The new major questions doctrine has been a focal point in administrative law scholarship and litigation over the past year. One overarching theme is that the doctrine is a deregulatory judicial power grab from both the executive and legislative branches. It limits the president’s ability to pursue a major policy agenda through regulation. And in the current era of political polarization, Congress is unlikely to have the capacity to pass legislation to provide the judicially required clear authorization for agencies to regulate major questions. Especially considering the various “vetogates” imposed by Senate and House rules, it is fair to conclude that the new major questions doctrine will be difficult for Congress to override via legislation. Thus, its predominant, asymmetric effect will be deregulatory, as opposed to getting Congress to make the major value judgments in federal lawmaking.
But that does not have to be the case. Congress has tools at its disposal to respond to the major questions doctrine. I focus here on one: Congress could enact a Congressional Review Act (CRA) for the major questions doctrine. This fast-track legislative process would bypass the Senate filibuster and similar congressional slow-down mechanisms whenever a federal court invalidates an agency rule on major questions doctrine grounds. The successful passage of a CRA-like joint resolution would amend the agency’s governing statute to expressly authorize the regulatory power that the agency had claimed in the judicially invalidated rule. This proposal would encourage Congress to decide the major policy question itself—helping to restore Congress’s legislative role in the modern administrative state—and would counteract the major questions doctrine’s asymmetric deregulatory effects.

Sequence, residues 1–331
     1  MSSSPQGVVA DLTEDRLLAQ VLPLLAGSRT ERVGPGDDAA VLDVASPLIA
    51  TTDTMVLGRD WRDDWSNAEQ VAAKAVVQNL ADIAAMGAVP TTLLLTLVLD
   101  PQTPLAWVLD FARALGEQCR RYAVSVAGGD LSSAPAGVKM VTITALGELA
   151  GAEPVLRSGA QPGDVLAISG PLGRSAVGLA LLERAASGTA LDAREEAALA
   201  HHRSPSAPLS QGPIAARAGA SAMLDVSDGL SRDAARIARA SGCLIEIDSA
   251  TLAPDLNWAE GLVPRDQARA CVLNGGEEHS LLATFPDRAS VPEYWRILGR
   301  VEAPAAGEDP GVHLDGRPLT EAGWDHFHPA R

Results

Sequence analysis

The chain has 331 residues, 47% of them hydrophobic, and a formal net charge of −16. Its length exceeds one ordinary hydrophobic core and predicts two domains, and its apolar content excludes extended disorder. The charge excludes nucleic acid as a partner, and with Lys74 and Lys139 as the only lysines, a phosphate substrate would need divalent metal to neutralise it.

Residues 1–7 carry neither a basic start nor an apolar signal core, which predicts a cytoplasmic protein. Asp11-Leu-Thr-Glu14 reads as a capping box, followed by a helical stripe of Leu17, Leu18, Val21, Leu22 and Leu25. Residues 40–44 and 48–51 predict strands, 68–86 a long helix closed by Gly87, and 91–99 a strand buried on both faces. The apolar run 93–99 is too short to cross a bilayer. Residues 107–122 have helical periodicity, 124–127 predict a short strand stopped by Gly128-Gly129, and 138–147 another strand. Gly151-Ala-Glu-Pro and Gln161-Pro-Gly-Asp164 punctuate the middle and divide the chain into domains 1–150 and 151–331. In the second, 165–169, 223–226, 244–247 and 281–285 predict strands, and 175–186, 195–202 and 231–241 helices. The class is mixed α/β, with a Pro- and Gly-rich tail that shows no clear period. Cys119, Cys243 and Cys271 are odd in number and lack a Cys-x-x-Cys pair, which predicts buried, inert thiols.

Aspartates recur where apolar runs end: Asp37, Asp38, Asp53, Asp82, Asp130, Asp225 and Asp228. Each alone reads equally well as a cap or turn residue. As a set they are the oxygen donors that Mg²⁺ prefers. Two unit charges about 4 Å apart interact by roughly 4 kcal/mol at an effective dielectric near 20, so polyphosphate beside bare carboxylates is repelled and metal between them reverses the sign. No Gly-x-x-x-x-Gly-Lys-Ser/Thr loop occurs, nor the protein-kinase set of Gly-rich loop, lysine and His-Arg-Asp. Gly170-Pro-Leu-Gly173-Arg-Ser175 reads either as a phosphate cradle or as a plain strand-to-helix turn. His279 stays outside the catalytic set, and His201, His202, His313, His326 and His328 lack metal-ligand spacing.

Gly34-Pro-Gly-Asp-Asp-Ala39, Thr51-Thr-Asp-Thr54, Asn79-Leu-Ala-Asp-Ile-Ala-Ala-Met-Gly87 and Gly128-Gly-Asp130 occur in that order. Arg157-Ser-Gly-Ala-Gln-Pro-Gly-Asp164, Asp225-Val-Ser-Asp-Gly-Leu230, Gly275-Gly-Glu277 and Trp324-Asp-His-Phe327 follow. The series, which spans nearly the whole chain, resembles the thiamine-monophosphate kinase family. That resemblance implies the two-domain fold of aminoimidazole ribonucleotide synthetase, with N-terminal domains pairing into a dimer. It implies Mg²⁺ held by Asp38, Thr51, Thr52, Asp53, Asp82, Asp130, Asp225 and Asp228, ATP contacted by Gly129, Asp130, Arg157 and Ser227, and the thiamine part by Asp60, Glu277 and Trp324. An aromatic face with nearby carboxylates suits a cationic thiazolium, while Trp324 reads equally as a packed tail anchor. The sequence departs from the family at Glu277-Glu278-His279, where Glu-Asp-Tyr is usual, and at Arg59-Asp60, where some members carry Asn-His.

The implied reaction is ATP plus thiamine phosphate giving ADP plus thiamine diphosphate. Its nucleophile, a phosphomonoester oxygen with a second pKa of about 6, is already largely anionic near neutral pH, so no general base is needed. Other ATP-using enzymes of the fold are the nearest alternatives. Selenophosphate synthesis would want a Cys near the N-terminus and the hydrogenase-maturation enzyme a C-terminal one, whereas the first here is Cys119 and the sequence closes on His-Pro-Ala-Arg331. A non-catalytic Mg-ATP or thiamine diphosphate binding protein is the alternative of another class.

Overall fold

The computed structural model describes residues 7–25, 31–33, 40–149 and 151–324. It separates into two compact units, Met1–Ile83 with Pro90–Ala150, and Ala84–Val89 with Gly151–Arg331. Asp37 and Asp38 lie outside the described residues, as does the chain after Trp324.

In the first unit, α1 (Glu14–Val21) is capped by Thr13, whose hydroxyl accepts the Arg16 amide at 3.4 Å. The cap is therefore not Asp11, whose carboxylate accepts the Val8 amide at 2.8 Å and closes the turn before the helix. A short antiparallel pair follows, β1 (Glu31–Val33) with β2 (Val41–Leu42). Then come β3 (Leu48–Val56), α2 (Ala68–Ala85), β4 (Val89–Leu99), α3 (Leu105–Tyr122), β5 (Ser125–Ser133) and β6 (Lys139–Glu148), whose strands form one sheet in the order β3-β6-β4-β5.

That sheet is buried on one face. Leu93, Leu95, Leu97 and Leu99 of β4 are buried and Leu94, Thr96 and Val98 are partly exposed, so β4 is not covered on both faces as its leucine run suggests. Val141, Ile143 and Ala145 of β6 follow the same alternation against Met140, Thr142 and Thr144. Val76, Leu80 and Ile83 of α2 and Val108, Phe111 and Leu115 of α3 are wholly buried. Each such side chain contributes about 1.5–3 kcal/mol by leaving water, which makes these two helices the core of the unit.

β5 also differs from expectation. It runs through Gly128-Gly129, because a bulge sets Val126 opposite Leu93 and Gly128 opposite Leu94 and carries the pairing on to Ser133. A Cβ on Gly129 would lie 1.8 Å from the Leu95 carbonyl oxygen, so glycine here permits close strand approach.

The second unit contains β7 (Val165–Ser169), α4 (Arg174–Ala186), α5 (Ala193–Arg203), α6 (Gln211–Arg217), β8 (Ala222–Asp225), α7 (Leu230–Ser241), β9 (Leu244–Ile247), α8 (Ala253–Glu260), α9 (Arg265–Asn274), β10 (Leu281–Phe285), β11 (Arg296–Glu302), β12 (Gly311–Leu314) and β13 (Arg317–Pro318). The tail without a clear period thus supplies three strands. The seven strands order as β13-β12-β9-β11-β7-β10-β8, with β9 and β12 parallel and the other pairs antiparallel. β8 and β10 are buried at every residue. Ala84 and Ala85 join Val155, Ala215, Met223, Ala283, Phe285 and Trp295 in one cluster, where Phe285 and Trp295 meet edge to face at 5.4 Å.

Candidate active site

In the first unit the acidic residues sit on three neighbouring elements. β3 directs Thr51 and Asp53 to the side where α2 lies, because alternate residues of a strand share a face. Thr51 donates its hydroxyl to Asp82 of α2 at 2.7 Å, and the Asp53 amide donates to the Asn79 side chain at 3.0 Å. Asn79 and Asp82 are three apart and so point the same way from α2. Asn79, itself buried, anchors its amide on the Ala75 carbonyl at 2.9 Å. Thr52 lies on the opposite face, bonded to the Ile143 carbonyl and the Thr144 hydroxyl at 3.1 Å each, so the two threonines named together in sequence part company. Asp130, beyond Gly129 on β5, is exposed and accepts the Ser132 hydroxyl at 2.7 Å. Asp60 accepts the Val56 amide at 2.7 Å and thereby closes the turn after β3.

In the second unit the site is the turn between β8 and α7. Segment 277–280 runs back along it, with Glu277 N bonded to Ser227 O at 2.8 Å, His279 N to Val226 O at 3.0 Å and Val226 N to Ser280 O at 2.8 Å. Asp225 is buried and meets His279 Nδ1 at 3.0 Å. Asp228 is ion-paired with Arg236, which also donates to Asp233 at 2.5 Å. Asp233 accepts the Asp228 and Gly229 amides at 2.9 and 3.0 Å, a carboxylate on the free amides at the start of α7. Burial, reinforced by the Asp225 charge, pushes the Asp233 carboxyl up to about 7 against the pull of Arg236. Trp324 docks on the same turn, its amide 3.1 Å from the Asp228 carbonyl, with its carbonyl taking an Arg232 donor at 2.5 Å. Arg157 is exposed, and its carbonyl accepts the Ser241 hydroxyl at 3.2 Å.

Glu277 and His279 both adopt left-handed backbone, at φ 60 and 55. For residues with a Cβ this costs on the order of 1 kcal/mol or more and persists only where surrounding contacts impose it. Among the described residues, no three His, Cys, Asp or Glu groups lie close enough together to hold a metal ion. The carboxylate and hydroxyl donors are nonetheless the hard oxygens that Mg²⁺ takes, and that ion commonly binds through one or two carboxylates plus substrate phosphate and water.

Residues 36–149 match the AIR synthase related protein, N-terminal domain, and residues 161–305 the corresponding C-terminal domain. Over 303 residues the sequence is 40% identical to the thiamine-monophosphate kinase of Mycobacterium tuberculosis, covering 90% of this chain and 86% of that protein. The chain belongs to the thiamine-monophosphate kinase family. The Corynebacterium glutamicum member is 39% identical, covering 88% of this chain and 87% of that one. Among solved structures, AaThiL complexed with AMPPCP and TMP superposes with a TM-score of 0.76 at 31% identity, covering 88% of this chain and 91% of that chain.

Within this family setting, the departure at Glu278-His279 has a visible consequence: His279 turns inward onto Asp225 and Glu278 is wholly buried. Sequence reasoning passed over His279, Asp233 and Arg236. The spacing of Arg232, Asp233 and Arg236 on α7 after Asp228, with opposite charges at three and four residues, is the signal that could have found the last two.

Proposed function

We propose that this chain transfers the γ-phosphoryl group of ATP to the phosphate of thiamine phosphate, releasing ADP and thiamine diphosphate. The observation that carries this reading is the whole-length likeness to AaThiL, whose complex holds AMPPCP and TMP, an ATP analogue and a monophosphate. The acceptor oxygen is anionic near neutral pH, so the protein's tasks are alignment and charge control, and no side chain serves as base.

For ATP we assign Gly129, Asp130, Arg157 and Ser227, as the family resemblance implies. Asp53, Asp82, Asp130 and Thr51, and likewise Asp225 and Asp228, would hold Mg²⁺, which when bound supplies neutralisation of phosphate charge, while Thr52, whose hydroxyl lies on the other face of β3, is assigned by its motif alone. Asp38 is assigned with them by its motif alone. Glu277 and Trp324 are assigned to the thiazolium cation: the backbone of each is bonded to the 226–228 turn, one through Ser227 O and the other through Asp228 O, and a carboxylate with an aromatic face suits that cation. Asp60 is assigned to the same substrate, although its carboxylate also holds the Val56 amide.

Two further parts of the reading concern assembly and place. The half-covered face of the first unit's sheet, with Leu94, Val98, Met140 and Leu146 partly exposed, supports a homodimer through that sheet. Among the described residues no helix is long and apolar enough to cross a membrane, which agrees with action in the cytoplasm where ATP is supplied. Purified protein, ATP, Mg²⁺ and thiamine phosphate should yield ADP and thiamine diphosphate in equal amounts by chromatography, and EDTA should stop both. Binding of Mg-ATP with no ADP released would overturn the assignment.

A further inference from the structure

Walker, Christopher J. "Responding to the New Major Questions Doctrine." Regulation 46, no. 2 (2023): 26-30.